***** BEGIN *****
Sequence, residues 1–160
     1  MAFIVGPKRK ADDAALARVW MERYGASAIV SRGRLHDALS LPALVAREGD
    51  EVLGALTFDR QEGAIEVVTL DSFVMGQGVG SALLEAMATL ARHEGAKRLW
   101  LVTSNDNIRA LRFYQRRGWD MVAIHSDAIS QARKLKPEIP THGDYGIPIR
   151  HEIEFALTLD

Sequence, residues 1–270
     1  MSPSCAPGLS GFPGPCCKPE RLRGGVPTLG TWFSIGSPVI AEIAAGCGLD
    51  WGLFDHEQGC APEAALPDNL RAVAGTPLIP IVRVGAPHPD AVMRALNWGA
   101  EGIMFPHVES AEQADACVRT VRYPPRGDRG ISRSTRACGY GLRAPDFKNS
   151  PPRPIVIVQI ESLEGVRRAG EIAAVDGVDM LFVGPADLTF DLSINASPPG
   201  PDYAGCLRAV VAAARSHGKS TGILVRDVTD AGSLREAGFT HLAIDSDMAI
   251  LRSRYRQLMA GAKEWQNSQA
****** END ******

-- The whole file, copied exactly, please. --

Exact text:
Sequence, residues 1–160
     1  MAFIVGPKRK ADDAALARVW MERYGASAIV SRGRLHDALS LPALVAREGD
    51  EVLGALTFDR QEGAIEVVTL DSFVMGQGVG SALLEAMATL ARHEGAKRLW
   101  LVTSNDNIRA LRFYQRRGWD MVAIHSDAIS QARKLKPEIP THGDYGIPIR
   151  HEIEFALTLD

Sequence, residues 1–270
     1  MSPSCAPGLS GFPGPCCKPE RLRGGVPTLG TWFSIGSPVI AEIAAGCGLD
    51  WGLFDHEQGC APEAALPDNL RAVAGTPLIP IVRVGAPHPD AVMRALNWGA
   101  EGIMFPHVES AEQADACVRT VRYPPRGDRG ISRSTRACGY GLRAPDFKNS
   151  PPRPIVIVQI ESLEGVRRAG EIAAVDGVDM LFVGPADLTF DLSINASPPG
   201  PDYAGCLRAV VAAARSHGKS TGILVRDVTD AGSLREAGFT HLAIDSDMAI
   251  LRSRYRQLMA GAKEWQNSQA